How to Cope with Extreme Anxiety
Anxiety is one of the most common mental health challenges on the planet, with billions of people each year citing anxiety as a difficulty that they must navigate on a day-to-day basis. While getting support from an in-person or online anxiety therapist is a great way to help work through your anxiety symptoms, for many people it can be a challenge to distinguish between the regular anxiety that people feel in their day-to-day lives, or what might be a more all-encompassing anxiety disorder.
Our team highlights how to pinpoint extreme anxiety in the form of anxiety disorders, signs and symptoms, and how to find support.
Normal Anxiety vs Anxiety Disorders
Anxiety is part of your body’s natural response system, and functions as part of the regular response to stressful situations. However, anxiety becomes less of a normal bodily response and more of a barrier to day-to-day life in its more extreme form of an anxiety disorder. Living with an anxiety disorder can be a serious impediment to normal functioning, and as such, it’s important to recognize whether or not your anxiety spells are prolonged (more than 2 weeks) or particularly severe in the symptoms you exhibit.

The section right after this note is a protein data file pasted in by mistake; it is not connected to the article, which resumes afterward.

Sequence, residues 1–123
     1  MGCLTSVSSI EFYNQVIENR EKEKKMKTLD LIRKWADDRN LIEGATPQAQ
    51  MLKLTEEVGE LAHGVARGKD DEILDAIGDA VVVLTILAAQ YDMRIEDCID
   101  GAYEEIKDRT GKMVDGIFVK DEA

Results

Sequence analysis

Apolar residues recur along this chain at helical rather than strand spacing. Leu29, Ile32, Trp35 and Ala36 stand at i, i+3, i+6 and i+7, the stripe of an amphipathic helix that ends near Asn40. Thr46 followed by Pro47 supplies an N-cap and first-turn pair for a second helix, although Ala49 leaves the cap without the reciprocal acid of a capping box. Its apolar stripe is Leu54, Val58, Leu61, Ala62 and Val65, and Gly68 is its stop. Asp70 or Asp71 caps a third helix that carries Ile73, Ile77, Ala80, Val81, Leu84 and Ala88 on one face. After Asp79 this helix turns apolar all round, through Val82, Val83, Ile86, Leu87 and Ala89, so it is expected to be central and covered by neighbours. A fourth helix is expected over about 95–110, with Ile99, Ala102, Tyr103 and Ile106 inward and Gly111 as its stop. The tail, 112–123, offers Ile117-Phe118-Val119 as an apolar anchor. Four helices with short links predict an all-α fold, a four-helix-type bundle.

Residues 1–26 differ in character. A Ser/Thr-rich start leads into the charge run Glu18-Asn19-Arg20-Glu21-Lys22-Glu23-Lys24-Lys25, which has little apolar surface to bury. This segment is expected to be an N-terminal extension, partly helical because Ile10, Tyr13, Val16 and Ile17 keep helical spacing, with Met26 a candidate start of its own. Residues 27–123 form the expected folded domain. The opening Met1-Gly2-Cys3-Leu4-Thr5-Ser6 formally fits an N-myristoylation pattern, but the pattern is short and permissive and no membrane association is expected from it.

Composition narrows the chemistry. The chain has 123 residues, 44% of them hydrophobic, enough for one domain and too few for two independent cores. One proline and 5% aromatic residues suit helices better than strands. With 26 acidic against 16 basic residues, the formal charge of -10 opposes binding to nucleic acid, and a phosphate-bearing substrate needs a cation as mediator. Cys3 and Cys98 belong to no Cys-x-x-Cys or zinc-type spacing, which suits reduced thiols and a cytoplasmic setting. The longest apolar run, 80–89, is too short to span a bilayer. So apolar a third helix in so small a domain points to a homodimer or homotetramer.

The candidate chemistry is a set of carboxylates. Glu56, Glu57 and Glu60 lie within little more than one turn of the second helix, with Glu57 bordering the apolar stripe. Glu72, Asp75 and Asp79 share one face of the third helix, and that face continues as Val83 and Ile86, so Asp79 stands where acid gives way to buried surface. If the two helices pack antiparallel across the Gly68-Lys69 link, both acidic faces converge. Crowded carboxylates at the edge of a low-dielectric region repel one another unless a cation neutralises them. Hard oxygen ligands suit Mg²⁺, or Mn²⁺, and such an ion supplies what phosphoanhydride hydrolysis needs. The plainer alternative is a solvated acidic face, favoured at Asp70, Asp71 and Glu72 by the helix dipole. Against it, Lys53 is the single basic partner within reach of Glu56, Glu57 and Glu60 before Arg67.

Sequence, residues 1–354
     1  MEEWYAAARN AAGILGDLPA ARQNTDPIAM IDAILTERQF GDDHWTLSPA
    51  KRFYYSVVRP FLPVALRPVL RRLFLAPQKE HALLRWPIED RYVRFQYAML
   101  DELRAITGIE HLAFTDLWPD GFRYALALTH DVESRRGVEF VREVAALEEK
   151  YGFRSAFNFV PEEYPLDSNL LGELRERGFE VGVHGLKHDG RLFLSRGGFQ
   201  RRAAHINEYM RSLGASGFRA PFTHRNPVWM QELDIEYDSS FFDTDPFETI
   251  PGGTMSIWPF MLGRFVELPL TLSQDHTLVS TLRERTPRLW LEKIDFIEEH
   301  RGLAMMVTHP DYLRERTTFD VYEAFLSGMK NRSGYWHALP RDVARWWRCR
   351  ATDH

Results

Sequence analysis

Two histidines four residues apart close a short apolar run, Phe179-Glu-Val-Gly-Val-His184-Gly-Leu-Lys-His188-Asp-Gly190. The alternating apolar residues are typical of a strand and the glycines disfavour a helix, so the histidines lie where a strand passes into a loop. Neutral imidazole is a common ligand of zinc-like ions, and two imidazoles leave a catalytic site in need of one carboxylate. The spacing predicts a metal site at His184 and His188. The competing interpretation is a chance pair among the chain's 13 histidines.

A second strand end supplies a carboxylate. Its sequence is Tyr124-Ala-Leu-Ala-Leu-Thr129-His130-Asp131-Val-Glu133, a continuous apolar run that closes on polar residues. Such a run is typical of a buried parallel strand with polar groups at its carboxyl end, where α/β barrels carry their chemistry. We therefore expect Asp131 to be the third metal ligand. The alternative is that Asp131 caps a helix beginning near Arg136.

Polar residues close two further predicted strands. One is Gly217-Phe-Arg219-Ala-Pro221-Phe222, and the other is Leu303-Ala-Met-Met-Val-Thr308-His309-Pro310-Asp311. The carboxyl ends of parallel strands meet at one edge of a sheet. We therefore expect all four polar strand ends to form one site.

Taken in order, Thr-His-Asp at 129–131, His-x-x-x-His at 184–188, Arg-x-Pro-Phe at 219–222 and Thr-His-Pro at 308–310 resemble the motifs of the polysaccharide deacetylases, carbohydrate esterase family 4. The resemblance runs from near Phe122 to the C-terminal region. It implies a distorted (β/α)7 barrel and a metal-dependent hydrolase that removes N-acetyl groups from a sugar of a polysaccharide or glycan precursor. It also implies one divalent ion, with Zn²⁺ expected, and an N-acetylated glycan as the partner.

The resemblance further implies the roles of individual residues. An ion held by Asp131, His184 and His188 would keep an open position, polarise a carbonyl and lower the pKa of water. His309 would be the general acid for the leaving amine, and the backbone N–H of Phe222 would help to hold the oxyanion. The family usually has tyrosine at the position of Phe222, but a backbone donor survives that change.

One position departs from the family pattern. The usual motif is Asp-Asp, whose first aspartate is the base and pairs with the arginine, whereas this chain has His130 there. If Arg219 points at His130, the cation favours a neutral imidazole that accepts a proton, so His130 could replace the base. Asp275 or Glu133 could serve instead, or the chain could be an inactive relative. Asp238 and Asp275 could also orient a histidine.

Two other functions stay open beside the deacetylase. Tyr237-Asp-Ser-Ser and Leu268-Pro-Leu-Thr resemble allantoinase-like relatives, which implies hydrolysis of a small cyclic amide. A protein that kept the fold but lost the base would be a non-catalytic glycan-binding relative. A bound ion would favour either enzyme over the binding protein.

Types of Extreme Anxiety
There are a number of different types of anxiety disorders, many of which a trained mental health professional can help you pinpoint if you’re experiencing prolonged or extreme anxiety. Some of these include but are not limited to Generalized Anxiety Disorder, Panic Disorder, Post-Traumatic Stress Disorder, Social Anxiety Disorder, and Obsessive-Compulsive Disorder. While these types may differ in terms of specific triggers or context, there are many overlapping signs and symptoms that are experienced both physically and mentally which tie them together as types of anxiety disorders.
Recognizing the Signs
People dealing with an anxiety disorder might experience some of these common symptoms:
- Rapid heart rate
- Increased breathing rate or shortness of breath
- Sweating or shaking
- Extreme fear or worry disproportionate to the actual situation
- Withdrawal from social situations
- Feelings of anger or irritability
- Difficulty sleeping
- Stomach aches, digestive problems, or loss of appetite
- Challenges doing everyday life tasks and difficulty concentrating
- Panic Attacks
If you or a loved one is dealing with an anxiety disorder, the most important thing to do is to seek help from a trained mental health expert who is experienced in anxiety treatment. If you’re looking for some support, get in touch with our amazing staff at ACT Teletherapy. We will work with you to ensure you have the right treatment plan to fit your needs.